6. The latest round of trade talks between the U.S. and China ended without much progress yesterday. Both sides called the negotiations in Shanghai "constructive," but there weren't any major breakthroughs to report. The next round of talks is scheduled to take place next month in the U.S. – CNBC
7. A new law in California may keep President Trump off the ballot, unless he decides to release his tax returns. The new law, which passed through the state Legislature on a party-line vote, requires presidential candidates to submit five years of income tax filings. Legal challenges to the law are expected. California is also a heavily Democratic state, and President Trump's chances of winning the state in 2020 are most likely slim. – LA TIMES
8. On the other side of the country, a federal judge has signaled that he will block New York state officials from turning over President Trump's state tax returns to Congress. A new state law in New York would allow Congress to access the president's tax returns, but Judge Carl Nichols said "Mr. Trump cannot suffer harm" as a legal challenge to the law plays out. Separately, House Ways and Means Committee Chairman Richard Neal (D-Massachusetts) has penned an op-ed about why his committee needs to see the president's tax returns. – CNN
9. The president is expected to nominate Rep. John Ratcliffe (R-Texas) as the new intelligence director. On Sunday, President Trump announced that current Intelligence Director Dan Coats is resigning. The two often clashed on Russian election meddling (the intelligence community is in overwhelming consensus that Russia interfered in the 2016 election, while President Trump has said he doesn't "see any reason why" Russia would interfere). Rep. Ratcliffe has accused the intelligence community of having an anti-Trump bias. You can read Coats' resignation letter here. – CHICAGO TRIBUNE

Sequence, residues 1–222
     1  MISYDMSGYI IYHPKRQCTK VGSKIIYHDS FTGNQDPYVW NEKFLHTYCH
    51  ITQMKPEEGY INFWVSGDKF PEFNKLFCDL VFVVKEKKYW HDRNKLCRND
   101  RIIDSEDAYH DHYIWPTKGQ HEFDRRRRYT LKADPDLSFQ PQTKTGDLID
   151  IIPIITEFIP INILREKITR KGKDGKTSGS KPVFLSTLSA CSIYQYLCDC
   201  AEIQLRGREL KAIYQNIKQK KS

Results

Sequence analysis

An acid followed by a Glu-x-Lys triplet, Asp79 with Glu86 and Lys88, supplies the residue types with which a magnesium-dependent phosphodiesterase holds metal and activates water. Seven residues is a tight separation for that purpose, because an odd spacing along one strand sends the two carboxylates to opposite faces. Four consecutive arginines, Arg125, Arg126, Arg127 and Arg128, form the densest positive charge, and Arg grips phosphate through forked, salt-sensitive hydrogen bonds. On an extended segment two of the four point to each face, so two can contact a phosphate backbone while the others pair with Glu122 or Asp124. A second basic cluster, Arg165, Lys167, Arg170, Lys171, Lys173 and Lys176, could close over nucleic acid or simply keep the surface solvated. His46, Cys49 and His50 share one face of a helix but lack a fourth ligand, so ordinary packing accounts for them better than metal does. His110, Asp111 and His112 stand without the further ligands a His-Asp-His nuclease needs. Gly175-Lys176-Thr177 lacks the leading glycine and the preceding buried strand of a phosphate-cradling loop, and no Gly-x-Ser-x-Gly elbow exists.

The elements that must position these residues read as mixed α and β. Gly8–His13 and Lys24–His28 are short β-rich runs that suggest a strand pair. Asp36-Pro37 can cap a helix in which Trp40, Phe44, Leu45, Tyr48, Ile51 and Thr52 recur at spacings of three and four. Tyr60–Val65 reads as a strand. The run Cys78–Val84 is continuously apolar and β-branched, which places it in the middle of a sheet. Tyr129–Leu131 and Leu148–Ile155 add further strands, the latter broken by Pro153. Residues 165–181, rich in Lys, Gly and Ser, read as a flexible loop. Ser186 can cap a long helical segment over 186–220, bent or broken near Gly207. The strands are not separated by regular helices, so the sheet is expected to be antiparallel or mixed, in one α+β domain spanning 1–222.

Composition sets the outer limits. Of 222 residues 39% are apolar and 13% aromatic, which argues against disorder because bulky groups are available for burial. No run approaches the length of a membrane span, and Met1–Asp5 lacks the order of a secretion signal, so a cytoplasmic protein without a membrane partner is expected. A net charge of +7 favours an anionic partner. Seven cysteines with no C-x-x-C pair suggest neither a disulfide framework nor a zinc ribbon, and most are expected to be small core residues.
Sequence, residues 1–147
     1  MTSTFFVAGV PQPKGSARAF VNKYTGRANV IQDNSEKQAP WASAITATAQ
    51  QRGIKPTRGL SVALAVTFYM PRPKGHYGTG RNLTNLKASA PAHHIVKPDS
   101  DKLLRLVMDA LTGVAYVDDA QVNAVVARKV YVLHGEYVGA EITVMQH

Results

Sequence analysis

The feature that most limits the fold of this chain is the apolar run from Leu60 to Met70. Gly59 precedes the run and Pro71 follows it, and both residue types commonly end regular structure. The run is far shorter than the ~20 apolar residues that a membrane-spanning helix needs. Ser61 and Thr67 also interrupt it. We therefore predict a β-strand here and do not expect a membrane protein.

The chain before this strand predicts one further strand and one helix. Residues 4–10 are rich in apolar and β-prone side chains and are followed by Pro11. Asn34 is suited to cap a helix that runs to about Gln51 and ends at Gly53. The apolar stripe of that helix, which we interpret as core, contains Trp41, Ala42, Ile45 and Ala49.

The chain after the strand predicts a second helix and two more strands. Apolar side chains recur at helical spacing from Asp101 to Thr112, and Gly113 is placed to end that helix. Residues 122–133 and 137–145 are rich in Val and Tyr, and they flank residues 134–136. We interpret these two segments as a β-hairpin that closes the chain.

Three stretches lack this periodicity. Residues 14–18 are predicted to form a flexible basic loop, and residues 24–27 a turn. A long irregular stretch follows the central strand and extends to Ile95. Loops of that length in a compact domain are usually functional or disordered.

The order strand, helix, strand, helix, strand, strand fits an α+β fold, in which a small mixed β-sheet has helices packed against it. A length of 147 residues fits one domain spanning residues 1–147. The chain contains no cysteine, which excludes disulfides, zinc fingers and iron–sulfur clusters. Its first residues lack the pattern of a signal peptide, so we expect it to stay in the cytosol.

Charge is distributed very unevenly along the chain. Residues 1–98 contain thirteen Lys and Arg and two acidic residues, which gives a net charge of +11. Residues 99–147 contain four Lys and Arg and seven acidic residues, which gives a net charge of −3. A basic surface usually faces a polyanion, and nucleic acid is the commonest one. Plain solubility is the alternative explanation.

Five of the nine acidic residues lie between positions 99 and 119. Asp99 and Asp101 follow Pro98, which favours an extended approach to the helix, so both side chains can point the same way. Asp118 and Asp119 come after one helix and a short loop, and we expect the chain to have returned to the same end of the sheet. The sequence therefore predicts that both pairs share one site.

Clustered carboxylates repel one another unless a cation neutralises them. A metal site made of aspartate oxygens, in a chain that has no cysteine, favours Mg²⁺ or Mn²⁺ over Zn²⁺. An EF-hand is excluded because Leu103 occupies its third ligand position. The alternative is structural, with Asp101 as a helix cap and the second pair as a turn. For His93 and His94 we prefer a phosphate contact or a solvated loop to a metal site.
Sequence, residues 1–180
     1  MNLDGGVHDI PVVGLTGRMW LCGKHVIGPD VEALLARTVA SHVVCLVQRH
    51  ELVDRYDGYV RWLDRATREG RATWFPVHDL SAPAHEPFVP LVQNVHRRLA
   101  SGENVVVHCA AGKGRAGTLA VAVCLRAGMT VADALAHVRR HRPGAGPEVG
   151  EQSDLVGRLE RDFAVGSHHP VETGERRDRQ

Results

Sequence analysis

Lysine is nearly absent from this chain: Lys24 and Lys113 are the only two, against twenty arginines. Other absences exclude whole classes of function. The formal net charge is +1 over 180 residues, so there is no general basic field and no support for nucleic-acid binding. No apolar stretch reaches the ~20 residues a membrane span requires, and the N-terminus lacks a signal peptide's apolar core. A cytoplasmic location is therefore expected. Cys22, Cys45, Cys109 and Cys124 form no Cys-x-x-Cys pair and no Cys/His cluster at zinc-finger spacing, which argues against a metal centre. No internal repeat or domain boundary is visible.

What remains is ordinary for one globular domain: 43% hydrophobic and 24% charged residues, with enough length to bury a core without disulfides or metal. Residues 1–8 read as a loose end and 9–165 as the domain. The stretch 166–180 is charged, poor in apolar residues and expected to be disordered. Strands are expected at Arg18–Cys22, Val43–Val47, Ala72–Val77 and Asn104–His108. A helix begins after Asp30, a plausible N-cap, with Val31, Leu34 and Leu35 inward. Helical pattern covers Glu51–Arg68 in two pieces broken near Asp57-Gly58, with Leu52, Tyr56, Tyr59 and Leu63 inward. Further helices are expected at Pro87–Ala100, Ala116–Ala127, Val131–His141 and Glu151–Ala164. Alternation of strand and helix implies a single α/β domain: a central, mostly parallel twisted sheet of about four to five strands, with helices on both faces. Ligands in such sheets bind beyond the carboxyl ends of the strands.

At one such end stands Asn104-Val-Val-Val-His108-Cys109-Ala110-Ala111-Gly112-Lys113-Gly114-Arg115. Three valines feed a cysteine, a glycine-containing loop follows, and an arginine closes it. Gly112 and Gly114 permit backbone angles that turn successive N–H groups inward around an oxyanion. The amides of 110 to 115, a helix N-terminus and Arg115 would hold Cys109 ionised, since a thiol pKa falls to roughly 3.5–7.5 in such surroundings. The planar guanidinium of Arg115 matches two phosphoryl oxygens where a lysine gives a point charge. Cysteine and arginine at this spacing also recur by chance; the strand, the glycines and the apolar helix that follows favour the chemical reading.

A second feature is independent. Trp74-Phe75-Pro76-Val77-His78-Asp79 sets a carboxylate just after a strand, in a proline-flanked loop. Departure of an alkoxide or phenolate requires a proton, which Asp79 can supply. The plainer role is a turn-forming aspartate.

10. Escalating tensions between Iran and the U.S. show no signs of slowing, and this week the Trump Administration imposed sanctions against Iran's top diplomat. As it unveiled the new sanctions, the Treasury Department accused Foreign Minister Mohammed Javad Zarif of implementing a "reckless agenda" on behalf of Iran's Supreme Leader. Zarif said the tariffs will have no effect on him or his family. – BBC
Schuyler Durham writes Inside Finance and Inside Trump. He got his start covering the music scene in his hometown of Portland, OR, but has since followed his writing career to newsrooms around the world. After three years in broadcast news, he's now diving back into the digital realm. You can keep up with his writing on Twitter at @SchuylerWriter or watch him goof around on Instagram at @bitterbuddha.
Editor: David Stegon (senior editor at Inside, whose reporting experience includes cryptocurrency and technology).